Uh, that's what I was writing about. First I put in a dust collector but still had the floating dust problem. Then I added the air filter and the dust went away. As an aside, I was kind of proud of how I mounted that 80 lb air filter from the ceiling by myself. Tried muscling it up there but that wasn't going anywhere fast... ended up jury rigging a series of pulleys. Eureka!
--
Mortimer Schnerd, RN
mschnerdatcarolina.rr.com
  Click to see the full signature.
Add pictures here
<% if( /^image/.test(type) ){ %>
<% } %>
<%-name%>
Add image file
Upload
Local plumber saved a 2 speed squirrel cage blower from a de installed heater that cost me $8.00 for a two way switch. Filters were a cost also and it works well.

Add pictures here
<% if( /^image/.test(type) ){ %>
<% } %>
<%-name%>
Add image file
Upload

Yes! Made a "sanding table/air filter" from ShopNotes plans out of MDF. It holds 3 disposable furnace filters and has a squirrel-cage 1/4 HP motor, rolls on wheels, has a convenient electrical outlet. It can clear the shop air-borne dust in less than 15 minutes. Also, I found that I can place a painted or finished object on top of it to dry quickly.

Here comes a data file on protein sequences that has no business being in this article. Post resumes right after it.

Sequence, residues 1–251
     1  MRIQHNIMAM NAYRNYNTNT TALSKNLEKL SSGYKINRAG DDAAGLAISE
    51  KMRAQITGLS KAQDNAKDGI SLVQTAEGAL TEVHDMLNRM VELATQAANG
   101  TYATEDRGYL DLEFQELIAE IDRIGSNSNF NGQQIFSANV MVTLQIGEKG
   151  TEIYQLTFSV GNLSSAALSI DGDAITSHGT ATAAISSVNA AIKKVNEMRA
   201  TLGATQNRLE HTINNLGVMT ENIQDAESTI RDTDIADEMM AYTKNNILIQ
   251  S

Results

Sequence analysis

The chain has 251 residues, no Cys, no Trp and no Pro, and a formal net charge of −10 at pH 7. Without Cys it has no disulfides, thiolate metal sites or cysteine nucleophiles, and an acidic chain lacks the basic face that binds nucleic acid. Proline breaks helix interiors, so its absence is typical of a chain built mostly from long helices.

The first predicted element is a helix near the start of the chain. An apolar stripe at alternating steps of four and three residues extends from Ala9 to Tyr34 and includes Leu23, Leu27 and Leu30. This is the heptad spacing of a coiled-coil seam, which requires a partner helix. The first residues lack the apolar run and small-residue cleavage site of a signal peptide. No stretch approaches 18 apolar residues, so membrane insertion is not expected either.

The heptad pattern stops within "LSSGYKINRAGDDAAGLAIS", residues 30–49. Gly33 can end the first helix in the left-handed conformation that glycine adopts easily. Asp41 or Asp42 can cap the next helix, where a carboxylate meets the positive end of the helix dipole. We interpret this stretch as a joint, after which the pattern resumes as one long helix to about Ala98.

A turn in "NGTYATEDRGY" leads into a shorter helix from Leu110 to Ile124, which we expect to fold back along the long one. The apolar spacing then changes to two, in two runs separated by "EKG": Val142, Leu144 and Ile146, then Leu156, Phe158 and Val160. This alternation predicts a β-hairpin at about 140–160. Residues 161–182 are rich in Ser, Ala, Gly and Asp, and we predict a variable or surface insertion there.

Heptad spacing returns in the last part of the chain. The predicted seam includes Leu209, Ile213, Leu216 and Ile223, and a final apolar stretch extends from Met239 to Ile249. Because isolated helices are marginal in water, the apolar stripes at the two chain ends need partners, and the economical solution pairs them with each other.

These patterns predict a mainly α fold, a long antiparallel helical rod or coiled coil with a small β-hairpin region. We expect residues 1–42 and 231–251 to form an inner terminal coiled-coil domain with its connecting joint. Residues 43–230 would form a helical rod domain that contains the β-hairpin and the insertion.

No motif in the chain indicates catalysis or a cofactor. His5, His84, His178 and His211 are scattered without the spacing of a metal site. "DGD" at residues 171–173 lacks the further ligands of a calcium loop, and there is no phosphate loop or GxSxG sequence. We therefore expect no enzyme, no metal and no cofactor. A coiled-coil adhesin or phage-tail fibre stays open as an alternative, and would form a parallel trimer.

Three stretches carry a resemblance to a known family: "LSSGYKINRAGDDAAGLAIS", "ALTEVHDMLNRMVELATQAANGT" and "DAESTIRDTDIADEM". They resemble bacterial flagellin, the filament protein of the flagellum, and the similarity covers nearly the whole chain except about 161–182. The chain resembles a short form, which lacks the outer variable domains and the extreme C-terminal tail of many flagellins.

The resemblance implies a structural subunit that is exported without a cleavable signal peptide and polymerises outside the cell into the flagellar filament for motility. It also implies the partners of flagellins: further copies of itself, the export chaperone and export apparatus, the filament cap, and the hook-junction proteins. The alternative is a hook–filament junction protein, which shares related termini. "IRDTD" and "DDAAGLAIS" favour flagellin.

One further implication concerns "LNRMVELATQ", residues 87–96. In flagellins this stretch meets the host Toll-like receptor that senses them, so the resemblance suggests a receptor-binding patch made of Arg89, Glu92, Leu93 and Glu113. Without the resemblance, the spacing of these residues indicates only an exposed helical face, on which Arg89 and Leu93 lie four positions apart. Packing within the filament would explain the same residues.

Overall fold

Add pictures here
<% if( /^image/.test(type) ){ %>
<% } %>
<%-name%>
Add image file
Upload

Before I built an air filter I used a furnace filter bugee-corded to a box fan--very cheap, works well until you build yourself a better one. Wear a good-fitting respirator.
Add pictures here
<% if( /^image/.test(type) ){ %>
<% } %>
<%-name%>
Add image file
Upload

I agree with both of these recommendations - filter-on-fan is a lot better than nothing, and a respirator is really the best when you're making a lot of dust. I also have a home-built air cleaner that I use whenever I cut or sand (basically a squirrel-cage blower in a box with a fiber pre-filter and a "super-allergen" furnace filter on one end). I hooked this up to a cheap outlet timer from HD, and it works great. In the summer, I usually just set a fan in the window and suck air out of the shop (this would depend on the neighbor situation, etc.) As a previous poster mentioned, I bet you'll be surprised at how much dust accumulates on a filter, even with the use of a DC. My thinking is that I only have one set of lungs, and I want them to last a long time - best take care of them! Andy
Add pictures here
<% if( /^image/.test(type) ){ %>
<% } %>
<%-name%>
Add image file
Upload
Doug wrote:

My DC is (probably optimistically) rated for 30 microns. My (shop built) ambient air cleaner has a final filter rated for .3 microns.
I still won't do anything even remotely dusty without my respirator on.
I got my first set of lungs free. But once you're hooked on breathing, the price goes up for the second set.
Bill
--
http://nmwoodworks.com/cube


Add pictures here
<% if( /^image/.test(type) ){ %>
<% } %>
<%-name%>
Add image file
Upload

HomeOwnersHub.com is a website for homeowners and building and maintenance pros. It is not affiliated with any of the manufacturers or service providers discussed here. All logos and trade names are the property of their respective owners.